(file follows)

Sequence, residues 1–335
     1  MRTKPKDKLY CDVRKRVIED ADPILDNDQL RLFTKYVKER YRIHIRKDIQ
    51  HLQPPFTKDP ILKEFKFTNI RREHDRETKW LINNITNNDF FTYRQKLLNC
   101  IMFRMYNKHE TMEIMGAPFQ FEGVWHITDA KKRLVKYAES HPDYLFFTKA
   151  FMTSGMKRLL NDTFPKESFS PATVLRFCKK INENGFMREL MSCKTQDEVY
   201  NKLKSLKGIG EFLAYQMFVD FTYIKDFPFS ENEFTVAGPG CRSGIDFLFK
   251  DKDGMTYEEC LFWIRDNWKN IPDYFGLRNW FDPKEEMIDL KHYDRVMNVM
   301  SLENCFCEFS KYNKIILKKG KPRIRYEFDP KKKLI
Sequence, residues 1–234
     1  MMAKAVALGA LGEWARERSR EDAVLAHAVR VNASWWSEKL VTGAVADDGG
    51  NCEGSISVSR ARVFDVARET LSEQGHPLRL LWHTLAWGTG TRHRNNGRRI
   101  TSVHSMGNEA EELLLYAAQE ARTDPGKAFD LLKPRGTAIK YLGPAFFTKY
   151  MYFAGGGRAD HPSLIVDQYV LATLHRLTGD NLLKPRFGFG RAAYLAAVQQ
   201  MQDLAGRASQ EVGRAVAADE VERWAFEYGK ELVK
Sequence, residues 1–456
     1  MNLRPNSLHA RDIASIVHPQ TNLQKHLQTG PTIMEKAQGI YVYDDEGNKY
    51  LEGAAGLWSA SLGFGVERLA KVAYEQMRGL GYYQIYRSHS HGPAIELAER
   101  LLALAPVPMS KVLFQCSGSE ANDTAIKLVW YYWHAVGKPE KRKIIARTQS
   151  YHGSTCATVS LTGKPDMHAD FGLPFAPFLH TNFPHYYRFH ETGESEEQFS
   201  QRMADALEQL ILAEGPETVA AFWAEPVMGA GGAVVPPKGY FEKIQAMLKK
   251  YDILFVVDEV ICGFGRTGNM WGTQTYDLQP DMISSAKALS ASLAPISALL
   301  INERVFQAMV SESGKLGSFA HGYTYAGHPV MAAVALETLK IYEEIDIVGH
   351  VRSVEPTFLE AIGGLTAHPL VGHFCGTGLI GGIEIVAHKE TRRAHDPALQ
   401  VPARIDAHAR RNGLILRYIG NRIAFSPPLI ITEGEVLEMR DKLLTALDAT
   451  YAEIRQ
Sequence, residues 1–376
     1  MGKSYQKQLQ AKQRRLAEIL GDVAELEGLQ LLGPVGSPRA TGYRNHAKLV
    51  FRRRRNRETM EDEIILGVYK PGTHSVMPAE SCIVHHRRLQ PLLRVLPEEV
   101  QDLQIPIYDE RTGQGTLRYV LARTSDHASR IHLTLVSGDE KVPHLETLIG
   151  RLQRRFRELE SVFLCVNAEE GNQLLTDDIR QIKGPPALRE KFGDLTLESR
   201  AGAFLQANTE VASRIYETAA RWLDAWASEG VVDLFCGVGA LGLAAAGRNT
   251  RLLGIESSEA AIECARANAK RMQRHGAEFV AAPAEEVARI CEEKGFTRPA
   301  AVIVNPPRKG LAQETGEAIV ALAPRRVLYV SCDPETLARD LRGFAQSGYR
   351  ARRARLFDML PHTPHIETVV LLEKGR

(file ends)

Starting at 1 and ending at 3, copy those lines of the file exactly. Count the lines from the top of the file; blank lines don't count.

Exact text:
Sequence, residues 1–335
     1  MRTKPKDKLY CDVRKRVIED ADPILDNDQL RLFTKYVKER YRIHIRKDIQ
    51  HLQPPFTKDP ILKEFKFTNI RREHDRETKW LINNITNNDF FTYRQKLLNC